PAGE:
Game's changing for home oxygen

Friday, April 1, 2011

ORLANDO - Much has been made of the Medicare reimbursement (or the increasing lack thereof) for home oxygen therapy. But what about the benefits of this therapy, when it’s done right? Shouldn’t physicians, nurses and respiratory therapists be focusing on that? And if they do, won’t reimbursement take care of itself? 
Bob McCoy thinks so. Here’s what McCoy, a respiratory therapist and the managing director of Valley Inspired Products, had to say about this “game-changing” conversation.

HME News: You attended the “Long Term Oxygen Therapy Conference: Separating Fact from Fiction,” March 31-April 1 in Orlando. The goal of that conference was not to talk about reimbursement, but about the benefits of this therapy. That’s a big deal, right?

Bob McCoy: This conference pretty much came out of one of the recommendations at all of the oxygen consensus conferences, which is that we need to do physician/clinician education at all levels. 

HME: What has been the consequence of this lack of education? 

McCoy: Physicians haven’t stayed engaged with this therapy, so they haven’t been observing ineffective therapy and that’s impacting patient care and outcomes. 

HME: What’s wrong with the way home oxygen therapy is being provided?

McCoy: There’s never been a good assessment tool. They’ll do a blood gas or an oxygen saturation test while the patient is in a hospital bed not moving and prescribe 2 liters per minute, which has been the rubber stamp for decades. But that’s not what you want them to do in their home. Then you find patients at home and they’re not oxygenating.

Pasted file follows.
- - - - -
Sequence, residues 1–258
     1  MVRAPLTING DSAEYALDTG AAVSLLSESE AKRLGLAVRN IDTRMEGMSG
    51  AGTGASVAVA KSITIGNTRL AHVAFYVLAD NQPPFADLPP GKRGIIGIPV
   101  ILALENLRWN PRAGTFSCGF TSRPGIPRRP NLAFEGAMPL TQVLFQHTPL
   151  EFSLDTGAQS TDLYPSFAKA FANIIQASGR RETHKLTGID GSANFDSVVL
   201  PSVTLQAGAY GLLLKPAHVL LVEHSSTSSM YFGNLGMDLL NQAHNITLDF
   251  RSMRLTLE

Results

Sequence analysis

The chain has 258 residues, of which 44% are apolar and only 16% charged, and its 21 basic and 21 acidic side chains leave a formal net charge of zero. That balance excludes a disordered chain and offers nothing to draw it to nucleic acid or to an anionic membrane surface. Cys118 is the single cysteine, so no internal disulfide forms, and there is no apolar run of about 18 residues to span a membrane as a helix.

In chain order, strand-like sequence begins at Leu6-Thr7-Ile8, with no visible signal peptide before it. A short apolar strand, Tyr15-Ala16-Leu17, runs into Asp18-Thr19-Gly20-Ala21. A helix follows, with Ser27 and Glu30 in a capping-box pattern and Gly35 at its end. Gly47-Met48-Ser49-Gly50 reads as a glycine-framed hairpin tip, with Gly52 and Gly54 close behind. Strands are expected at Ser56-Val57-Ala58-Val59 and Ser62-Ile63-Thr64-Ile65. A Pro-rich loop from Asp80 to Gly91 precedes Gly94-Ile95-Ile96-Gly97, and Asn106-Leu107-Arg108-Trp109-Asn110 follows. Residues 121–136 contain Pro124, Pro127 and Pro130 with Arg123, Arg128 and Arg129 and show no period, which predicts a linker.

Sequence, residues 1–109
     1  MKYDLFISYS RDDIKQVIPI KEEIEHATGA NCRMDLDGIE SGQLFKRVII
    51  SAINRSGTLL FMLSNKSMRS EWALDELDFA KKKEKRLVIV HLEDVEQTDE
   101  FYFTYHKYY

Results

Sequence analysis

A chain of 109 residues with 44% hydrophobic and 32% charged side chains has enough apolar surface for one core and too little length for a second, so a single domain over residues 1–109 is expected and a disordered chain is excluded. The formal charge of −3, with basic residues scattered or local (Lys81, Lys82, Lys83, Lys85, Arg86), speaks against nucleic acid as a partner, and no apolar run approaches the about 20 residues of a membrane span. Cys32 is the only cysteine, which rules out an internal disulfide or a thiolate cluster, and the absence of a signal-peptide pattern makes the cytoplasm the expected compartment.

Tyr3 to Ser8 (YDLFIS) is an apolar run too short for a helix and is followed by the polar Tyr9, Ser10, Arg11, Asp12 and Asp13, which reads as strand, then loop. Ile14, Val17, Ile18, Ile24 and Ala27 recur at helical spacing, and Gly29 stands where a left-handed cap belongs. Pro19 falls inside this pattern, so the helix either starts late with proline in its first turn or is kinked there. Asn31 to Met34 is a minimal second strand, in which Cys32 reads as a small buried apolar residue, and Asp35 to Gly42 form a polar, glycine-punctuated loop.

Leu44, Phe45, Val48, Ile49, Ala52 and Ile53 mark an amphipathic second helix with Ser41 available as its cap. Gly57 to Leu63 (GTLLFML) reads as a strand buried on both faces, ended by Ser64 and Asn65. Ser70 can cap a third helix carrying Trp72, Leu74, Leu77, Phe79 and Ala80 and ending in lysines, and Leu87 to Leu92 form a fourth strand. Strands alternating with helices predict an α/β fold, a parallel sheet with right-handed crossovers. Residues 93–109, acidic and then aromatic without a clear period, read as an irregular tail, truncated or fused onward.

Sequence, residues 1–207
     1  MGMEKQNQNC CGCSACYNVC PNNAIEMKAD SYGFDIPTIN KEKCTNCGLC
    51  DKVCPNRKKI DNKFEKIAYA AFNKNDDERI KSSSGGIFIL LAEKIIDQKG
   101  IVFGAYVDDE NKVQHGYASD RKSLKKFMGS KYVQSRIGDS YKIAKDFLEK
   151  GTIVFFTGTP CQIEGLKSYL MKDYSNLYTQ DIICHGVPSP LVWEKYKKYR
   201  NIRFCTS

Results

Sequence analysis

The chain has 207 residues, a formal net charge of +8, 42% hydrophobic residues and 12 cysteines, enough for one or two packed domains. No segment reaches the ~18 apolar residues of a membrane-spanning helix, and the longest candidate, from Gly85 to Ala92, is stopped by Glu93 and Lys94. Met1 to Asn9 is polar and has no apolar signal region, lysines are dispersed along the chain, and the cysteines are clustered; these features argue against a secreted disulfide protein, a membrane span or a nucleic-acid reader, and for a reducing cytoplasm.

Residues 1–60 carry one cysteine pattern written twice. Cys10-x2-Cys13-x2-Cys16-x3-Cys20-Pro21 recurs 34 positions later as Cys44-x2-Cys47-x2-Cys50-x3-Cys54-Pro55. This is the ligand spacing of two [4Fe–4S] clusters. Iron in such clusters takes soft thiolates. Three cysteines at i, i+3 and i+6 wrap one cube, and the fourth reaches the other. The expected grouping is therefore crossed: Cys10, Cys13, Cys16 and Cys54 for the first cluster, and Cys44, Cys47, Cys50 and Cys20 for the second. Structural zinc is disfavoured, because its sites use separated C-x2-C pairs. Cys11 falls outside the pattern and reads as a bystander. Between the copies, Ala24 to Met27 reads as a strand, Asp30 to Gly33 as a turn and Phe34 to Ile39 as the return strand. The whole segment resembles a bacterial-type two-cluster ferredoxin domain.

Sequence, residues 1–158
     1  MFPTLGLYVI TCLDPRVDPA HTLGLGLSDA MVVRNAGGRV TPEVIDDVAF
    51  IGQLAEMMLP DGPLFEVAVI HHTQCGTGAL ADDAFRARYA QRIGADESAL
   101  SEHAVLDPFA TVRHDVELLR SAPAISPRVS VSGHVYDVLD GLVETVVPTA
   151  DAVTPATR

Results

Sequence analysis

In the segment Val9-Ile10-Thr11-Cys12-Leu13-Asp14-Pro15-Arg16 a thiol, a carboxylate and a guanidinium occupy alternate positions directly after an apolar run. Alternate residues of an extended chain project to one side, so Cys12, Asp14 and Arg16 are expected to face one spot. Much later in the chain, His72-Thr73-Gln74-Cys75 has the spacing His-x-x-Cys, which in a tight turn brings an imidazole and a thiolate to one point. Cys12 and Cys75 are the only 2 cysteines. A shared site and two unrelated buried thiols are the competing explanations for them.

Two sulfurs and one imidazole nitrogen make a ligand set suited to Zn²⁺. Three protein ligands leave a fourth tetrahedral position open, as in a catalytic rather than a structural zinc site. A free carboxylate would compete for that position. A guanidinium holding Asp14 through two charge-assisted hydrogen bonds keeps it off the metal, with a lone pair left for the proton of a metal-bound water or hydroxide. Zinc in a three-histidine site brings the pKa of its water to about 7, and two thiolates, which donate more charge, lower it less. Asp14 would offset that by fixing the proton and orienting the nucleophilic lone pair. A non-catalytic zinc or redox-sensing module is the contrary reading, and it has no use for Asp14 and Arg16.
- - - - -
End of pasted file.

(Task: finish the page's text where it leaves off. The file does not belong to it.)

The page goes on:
HME: Is there clinical evidence of this problem? 

McCoy: It’s been coming out in several articles and abstracts. One of the presenters at the conference says 60% of the patients that come into her rehab program aren’t oxygenating on the device they have, 20% need an adjustment and 40% are on a piece of equipment that can’t oxygenate them. We hope the conference and the highly-respected pulmonologists involved serves as a wake-up call. 

HME: You mentioned equipment that can’t oxygenate. 

McCoy: We’ve gotten to the point where the market is driving for the 
lightest weight, longest lasting equipment, regardless of whether it 
oxygenates the patients. So we have an awful lot of small pieces of 
equipment or these non-delivery systems or POCs that produce a very small amount of oxygen. 

HME: How can home-based RTs help this conversation along? 

McCoy: We need to get physicians to prescribe therapeutic oxygen therapy, and they’re looking for clinicians in the home to advise them. A lot of the feedback we get is, “The docs don’t know anything about oxygen therapy,” and they don’t really need to. It’s like the saying, “If you don’t know diamonds, know your jeweler.” If you don’t know oxygen therapy, know your RT and trust them. That’s where the RT needs to do more. 

HME: What will be the impact of increased education, better assessment tools, etc. on reimbursement? 

McCoy: If the physician understands the situation and prescribes properly and no one pays for it‹that’s pretty much the way it is right now, but you can’t change the script based on reimbursement. Put the payers’ feet to the fire. Say, “This is what’s therapeutic based on our science. Now if you don’t do it, then it’s your decision. When the patient has an event or is hospitalized, it’s because no one paid for the right therapy.” I think when that happens enough, we’ll start getting appropriate reimbursement.